Attorney General Sessions issued a press statement and background memorandum discussing efforts to improve efficiency in the immigration courts. These administrative tribunals are part of the Department of Justice and are formally called the Executive Office for Immigration Review (EOIR). The workload of the EOIR is generated by the Department of Homeland Security (DHS). Cases may arrive from the airports, the border, or interior enforcement.
We volunteer at the New York Immigration Court and meet unaccompanied children who are facing deportation proceedings. New York is one of the most high-volume jurisdictions with over 75,000 pending immigration cases. In the past few years more than 15,000 cases have involved unaccompanied minors. The children are placed into removal proceedings by U.S. Immigration and Customs Enforcement (ICE), which is part of DHS. Almost all of these young people have claims for protection under international and domestic law. Yet U.S. law does not give them free legal counsel. Children who manage to find a free attorney or who have a family member who can pay for counsel usually win a positive result in their cases – typically over 85% of the time. Children who are unrepresented prevail less than 15% of the time.
In the backgrounder posted by the Department of Justice today, the agency points to three factors that it says are slowing down the courts:
1) prosecutorial discretion
2) DACA; and
3) provisional waivers.
None of these three actions are handled by the EOIR nor by DOJ. In fact, all three take work away from the immigration courts and free up the staff and judges to hear complex cases and to adjudicate claims for protection such as asylum claims. These three programs are handled by the DHS and all are based on Congressional authority vested in the DHS both to determine its priorities and to operate normally as all prosecutorial agencies must.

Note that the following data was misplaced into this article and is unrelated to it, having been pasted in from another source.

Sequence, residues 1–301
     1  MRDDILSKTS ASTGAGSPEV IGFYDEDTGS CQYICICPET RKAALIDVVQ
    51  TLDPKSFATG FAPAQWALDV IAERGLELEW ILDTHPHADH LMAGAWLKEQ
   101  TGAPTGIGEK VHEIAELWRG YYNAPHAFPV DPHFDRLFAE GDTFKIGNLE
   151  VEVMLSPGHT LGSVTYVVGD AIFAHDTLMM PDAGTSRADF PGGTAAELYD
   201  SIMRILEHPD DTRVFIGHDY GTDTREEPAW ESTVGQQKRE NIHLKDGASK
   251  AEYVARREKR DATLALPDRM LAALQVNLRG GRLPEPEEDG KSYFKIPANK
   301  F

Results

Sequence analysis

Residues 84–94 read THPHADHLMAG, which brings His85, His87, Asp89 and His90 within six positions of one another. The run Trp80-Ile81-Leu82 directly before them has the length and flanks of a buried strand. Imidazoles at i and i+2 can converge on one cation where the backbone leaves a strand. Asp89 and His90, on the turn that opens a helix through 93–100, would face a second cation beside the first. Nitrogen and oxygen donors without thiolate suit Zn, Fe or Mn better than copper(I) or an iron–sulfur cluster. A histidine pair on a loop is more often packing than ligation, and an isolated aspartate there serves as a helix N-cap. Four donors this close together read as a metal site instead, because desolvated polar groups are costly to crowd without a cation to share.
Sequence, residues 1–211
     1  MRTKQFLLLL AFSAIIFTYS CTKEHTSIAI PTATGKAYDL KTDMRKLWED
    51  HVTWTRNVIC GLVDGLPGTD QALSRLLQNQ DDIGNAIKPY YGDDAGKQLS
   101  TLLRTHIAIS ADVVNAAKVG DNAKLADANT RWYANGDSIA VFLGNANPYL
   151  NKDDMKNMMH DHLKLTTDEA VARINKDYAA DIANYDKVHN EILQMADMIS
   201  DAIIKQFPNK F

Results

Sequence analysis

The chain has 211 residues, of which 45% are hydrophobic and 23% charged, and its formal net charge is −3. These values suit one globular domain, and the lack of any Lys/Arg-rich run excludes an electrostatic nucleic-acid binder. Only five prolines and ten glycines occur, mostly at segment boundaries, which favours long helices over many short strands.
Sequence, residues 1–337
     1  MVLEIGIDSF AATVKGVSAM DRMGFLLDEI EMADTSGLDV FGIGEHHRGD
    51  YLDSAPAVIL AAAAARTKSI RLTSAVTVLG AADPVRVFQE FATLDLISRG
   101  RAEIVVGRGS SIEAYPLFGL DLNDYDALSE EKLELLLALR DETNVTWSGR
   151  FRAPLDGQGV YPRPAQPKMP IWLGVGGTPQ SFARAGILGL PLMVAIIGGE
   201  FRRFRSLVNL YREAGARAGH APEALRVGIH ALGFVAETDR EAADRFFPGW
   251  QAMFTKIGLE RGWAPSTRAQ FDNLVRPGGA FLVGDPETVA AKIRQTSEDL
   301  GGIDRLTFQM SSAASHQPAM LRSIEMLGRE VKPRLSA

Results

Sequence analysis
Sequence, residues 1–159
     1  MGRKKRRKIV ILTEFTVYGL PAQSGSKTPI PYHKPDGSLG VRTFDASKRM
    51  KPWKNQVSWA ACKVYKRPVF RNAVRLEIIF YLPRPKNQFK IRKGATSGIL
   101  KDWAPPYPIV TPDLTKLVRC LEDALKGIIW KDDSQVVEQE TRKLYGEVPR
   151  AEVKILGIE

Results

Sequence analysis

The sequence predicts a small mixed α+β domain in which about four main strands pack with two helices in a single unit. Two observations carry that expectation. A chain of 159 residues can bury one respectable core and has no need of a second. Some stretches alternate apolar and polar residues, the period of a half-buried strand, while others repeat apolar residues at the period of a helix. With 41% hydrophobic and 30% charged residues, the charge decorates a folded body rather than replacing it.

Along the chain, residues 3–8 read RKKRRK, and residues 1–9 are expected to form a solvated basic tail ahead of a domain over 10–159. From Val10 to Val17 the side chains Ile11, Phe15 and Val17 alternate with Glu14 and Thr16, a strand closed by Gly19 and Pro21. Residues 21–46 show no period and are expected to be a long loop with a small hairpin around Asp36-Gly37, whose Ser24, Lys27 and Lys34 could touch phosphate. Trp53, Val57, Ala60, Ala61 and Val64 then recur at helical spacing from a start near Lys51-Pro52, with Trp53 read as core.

But what is most concerning in the DOJ release today is that there was not a word about the challenges faced by the vulnerable population of juveniles navigating the complex court system. While efficiency might mean speedier cases for some, the legal reality is that juvenile cases require continuances because almost all of the remedies available to a child are adjudicated first by DHS, not by an immigration judge in the DOJ.
EOIR has, in the past, tried to speed up children’s cases, but it ended the “surge” dockets for children last January. EOIR has issued past Operating Procedures that keep juvenile cases on a separate docket to allow the judges to adapt the process the needs of children and to facilitate pro bono representation. In New York, the EOIR docketing practices have become erratic and now it is harder than ever for the pro bono and nonprofit community — as well as the private bar — to ensure representation for children. Kids should not be on the same docket with adults, and judges should not feel pressured to rush a case to a removal order that will ultimately have to be “reopened” because the young person has been able to qualify for legal status through one of the protective options available under Congressional statute.
We urge the leadership of the EOIR and the DHS to remember to value due process and fairness in adjudication. We don’t measure our justice systems by the number of cases handled. We measure courts by efficiency tempered by the goal of accuracy and fairness.
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